5 Questions You Should Ask Your Child’s School

5 Questions You Should Ask Your Childs School

By Megan Boyle, Editorial Director, Healthy Child Healthy World
Reproduced with the permission of the Environmental Working Group, www.healthychild.org.

When choosing the right school for their children, many parents ask about topics like class size, community, learning objectives and schedule.

But what about everyday exposure to chemicals?

Next to the home, children spend more time in school than anywhere else.

While parents make important choices to protect their children from toxic chemicals in their houses, at school, many of these factors are off a family’s radar.

So how can parents keep their kids safe? Start by learning more about their school environment.

Here are five questions to ask your child’s school: 

  1. What year was the school built?

Old buildings may contain toxic construction materials such as lead or asbestos.

Prior to the lead paint ban in 1978, builders covered both building interiors and exteriors with it. This old paint remains in many places today, and crumbling or peeling surfaces continue to be a main source of toxic lead exposure for children.

Another building danger is asbestos. A recent story by the Washington Post revealed that exposure to this hazardous substance persists at schools across the United States. Although builders used asbestos mostly between the 1940s and the late 1970s, it is still legal today and in more places than you think.

Schools are required by law to track asbestos hazards and disclose their management plans to parents. So ask your school about its plan to manage asbestos and any upcoming renovations.

  1. What’s in your drinking water?

Drinking  water

Children visit school water fountains throughout the day. But does this tap water contain harmful contaminants like lead, perchlorate or atrazine?

Possibly. Public drinking water utilities test water regularly for harmful contaminants, so ask your school about which utility serves the school and check its tests results. Many utilities post this information online. (If you live nearby, the results may be the same for your own household.)

Many schools are rightfully encouraging kids to bring water bottles instead of juice boxes or wasteful bottled water. Ask whether students have access to filtered water, and check your school’s classroom bottle policy if you want to send your child to school with filtered water from home.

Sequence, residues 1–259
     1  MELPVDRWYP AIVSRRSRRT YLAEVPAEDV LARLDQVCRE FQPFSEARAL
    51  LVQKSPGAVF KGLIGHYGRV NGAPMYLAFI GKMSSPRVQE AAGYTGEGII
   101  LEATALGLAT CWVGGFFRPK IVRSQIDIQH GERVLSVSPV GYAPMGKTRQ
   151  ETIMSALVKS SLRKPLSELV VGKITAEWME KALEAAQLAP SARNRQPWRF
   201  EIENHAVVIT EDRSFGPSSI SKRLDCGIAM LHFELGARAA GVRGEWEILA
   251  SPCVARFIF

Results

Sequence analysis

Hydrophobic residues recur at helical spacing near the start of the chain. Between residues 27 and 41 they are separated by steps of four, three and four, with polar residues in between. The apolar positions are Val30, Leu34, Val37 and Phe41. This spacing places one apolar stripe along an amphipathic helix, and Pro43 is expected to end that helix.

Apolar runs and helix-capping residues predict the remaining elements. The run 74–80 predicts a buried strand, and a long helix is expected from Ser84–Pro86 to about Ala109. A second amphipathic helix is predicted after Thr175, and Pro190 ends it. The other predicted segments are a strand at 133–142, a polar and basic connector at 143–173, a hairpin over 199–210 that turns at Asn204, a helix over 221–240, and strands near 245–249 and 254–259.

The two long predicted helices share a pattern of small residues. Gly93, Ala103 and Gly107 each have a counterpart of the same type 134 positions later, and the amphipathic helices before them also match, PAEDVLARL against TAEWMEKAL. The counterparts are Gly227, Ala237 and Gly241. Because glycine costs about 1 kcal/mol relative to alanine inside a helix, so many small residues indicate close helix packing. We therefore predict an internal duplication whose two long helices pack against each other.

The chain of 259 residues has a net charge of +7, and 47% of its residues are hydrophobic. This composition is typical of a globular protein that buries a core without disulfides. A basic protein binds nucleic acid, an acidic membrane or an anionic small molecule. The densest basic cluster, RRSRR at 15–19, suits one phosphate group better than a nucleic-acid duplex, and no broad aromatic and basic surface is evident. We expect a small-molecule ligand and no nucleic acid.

1. What products do the school cleaners use?

The janitorial service may bring countless chemicals into school every time it cleans, leaving chemical residues on the desktops, chairs and doorknobs your children touch regularly.

Even well-intentioned practices, like using or distributing disinfecting wipes, can lead to unnecessary chemical exposure. Ask your school about the products being used, by whom and how often, and check the ingredients using EWG’s Guide to Healthy Cleaning.

Inquire about equipment as well: do the vacuums have a high-efficiency particulate air (HEPA) filter installed? (They should.)

If the answers may put your child at risk, talk to school administrators about safer options and what it takes to swap. There are good options on the market that limit chemical use and meet the needs of tight budgets.

  1. Where is the nearest cornfield?

The popularity of GMO corn and soybean crops has led to a sharp increase in the use of herbicides such as toxic glyphosate. A recent report by EWG shows that more than 3,000 elementary schools nationwide are located within 1,000 feet of a corn or soybean field. (And it’s not just schools. Nearly 12,000 churches are within this distance from glyphosate-sprayed fields, as well as more than 90 percent of playing fields and parks in a six-state sample.)

If your school is within a worrisome proximity of a corn field, other agricultural field or industrial facility, ask what school personnel are doing to help reduce student exposure to agricultural pesticides. Are janitors conducting more surface cleaning? Has the school set up hand-washing stations?

And join the movement to support GMO labeling. Urge your senator—and fellow parents—to oppose what we call the Deny Americans the Right to Know (DARK) Act when it comes on the U.S. Senate floor.

  1. How sunny is your playground?

The best ways to protect your kids from harmful sun damage are to cover up, stay in the shade, and use a safe and effective sunscreen. But your child’s school may have policies such as prohibiting hats and sunglasses or treating sunscreen as a medicine.

Ask about these policies, if shade is available on the playground, and what times of day outdoor play is scheduled. When your school administrators know what’s important to your family and why, they are more likely to work with you on anything that goes against policy—or change it.

Parents, remember: Schools have your child’s best interest at heart and are subject to strict regulations besides.

You may be pleased with the answers you hear. If not, knowledge is the first step towards making a difference for your child. You are your child’s best advocate.

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